Analysis

Chicago Blackhawks vs Minnesota Wild: Five Thoughts

By Samuel Boland
ST. PAUL, MN - OCTOBER 11: Jason Zucker #16 of the Minnesota Wild is stopped by Cam Ward #30 of the Chicago Blackhawks as Jan Rutta #44 of the Chicago Blackhawks defends during a game between the Minnesota Wild and Chicago Black Hawks at Xcel Energy Center on October 11, 2018 in St. Paul, Minnesota. The Wild defeated the Black Hawks 4-3 in overtime.(Photo by Bruce Kluckhohn/NHLI via Getty Images)
ST. PAUL, MN - OCTOBER 11: Jason Zucker #16 of the Minnesota Wild is stopped by Cam Ward #30 of the Chicago Blackhawks as Jan Rutta #44 of the Chicago Blackhawks defends during a game between the Minnesota Wild and Chicago Black Hawks at Xcel Energy Center on October 11, 2018 in St. Paul, Minnesota. The Wild defeated the Black Hawks 4-3 in overtime.(Photo by Bruce Kluckhohn/NHLI via Getty Images) /
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The Chicago Blackhawks lost 4-3 in overtime to the Minnesota Wild last night. Here are Five Thoughts following last nights contest.

No. 4: Coach Q made a poor coaching decision and it cost them the game.

David Kampf carried the puck through the neutral zone, elected not to shoot on the empty net, and eventually drew a penalty after entering the offensive zone.

Yes, a drawn penalty was good, but why not take a shot at an empty net to seal the deal?

Regardless, theChicago Blackhawks found themselves on a power play with 35 seconds left to go in the game, up one goal. All they needed to do was last thirty seconds up a man to win the game.

This is where coach Q made a questionable decision.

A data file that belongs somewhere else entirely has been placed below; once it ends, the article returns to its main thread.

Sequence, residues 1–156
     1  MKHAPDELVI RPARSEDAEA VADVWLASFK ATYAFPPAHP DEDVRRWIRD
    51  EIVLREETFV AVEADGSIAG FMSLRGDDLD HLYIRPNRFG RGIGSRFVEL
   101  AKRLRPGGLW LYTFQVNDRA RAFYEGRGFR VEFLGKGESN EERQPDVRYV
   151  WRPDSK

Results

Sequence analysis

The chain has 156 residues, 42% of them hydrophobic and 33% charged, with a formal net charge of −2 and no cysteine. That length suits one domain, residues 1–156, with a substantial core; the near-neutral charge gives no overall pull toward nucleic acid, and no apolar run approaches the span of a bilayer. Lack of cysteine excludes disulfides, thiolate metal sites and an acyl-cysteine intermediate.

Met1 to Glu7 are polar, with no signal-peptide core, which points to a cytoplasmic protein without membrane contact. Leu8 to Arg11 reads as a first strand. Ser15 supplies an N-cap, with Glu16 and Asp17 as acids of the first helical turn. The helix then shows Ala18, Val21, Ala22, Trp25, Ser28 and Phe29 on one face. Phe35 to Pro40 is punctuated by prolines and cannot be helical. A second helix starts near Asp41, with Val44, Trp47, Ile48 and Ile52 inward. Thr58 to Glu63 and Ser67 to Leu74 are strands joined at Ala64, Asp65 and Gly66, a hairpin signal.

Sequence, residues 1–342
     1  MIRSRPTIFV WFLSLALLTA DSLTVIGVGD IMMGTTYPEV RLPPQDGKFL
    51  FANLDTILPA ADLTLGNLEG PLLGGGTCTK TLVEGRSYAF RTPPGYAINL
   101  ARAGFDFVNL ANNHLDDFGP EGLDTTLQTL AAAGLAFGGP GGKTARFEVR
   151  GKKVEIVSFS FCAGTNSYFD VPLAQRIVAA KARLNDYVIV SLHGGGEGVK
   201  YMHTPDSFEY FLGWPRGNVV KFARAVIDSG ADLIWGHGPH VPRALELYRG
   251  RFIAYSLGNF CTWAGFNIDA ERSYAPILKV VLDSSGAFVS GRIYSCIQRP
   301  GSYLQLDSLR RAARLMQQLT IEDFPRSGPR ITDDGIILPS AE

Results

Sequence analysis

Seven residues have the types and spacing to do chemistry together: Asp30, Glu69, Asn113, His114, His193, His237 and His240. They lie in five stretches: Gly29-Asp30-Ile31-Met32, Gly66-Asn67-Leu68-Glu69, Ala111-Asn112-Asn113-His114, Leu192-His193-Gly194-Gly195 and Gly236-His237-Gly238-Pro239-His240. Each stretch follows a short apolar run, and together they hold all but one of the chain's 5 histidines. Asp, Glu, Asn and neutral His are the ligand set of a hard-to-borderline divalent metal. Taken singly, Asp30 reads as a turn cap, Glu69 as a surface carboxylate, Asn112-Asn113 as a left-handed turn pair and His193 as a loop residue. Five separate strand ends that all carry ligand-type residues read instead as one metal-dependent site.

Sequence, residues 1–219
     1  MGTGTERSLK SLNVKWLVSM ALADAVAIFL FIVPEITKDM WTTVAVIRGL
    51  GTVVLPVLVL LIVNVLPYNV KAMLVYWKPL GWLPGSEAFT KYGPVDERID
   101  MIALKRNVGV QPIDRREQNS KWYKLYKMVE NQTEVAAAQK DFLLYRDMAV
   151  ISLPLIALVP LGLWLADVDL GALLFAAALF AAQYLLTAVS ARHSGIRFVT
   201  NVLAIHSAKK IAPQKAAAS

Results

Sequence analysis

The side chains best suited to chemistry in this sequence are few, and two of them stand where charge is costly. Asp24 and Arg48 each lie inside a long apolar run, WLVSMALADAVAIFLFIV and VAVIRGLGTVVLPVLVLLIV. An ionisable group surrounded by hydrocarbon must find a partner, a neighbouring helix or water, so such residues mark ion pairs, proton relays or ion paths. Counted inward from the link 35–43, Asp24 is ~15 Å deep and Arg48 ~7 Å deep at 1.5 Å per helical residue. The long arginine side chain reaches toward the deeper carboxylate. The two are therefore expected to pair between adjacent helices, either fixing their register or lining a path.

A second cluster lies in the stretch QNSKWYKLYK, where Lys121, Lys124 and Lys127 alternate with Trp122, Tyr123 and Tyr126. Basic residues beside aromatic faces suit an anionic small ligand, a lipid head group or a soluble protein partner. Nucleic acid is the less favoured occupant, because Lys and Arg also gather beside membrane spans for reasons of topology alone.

Sure, one strategy is to put an offensive unit on the ice and try to hold the puck for 30 seconds. But, why not do your best to play sound defense and win the game?

Additionally, why is Marcus Kruger on this team if he can’t play in these situations? The same can be said about a lot of supposedly defensive minded/two-way forwards on this team.

The fact that Jokiharju and Keith were on the ice because, well, the Blackhawks don’t have any other defensemen, made sense.

That said, the decision to put Schmaltz-Anisimov-DeBrincat is appalling to me.

DeBrincat and Schmaltz are two of my favorite Blackhawks, but neither of them have any business being on the ice in a defensive situation like that. This move ultimately cost the Hawks as the Wild tied it on this shift and went on to win in overtime.

I typically trust coach Joel Quenneville in almost any situation, but this was a terrible decision and it cost the Blackhawks the game.

No. 5: This team cannot afford to let points slip away.

We’ve talked about this before, but October is more important for this Chicago Blackhawks team. Here’s a quick excerpt from one of our articles on why:

"“Elliotte Friedman, a reporter for Sportsnet and an NHL network insider, reported that of the 54 teams who have been 4+ points out of a playoff spot on November 1st since the 2005-06 season (just before the Kane and Toews era), only seven of these teams have made the playoffs.”"

Seven teams were able to come back from a four point hole.

In case you need reminding, these Chicago Blackhawks are not the Chicago Blackhawks of years past. Sure, they look a heck of a lot better now than they did last year, but they still have a long way to go.

While it’s great to take a point on the road, the Blackhawks deserved to leave Minnesota with two points and lost a point last night more than they stole one.

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And yes, one point is better than none, but Chicago gave one away last night to a division rival who they will be fighting for a playoff spot. These things happen, but the Blackhawks cannot afford to make a habit of this as it will undoubtedly come back to bite them.

Unless, of course, they manage to go 41-0-41.

Like most things, time will tell.

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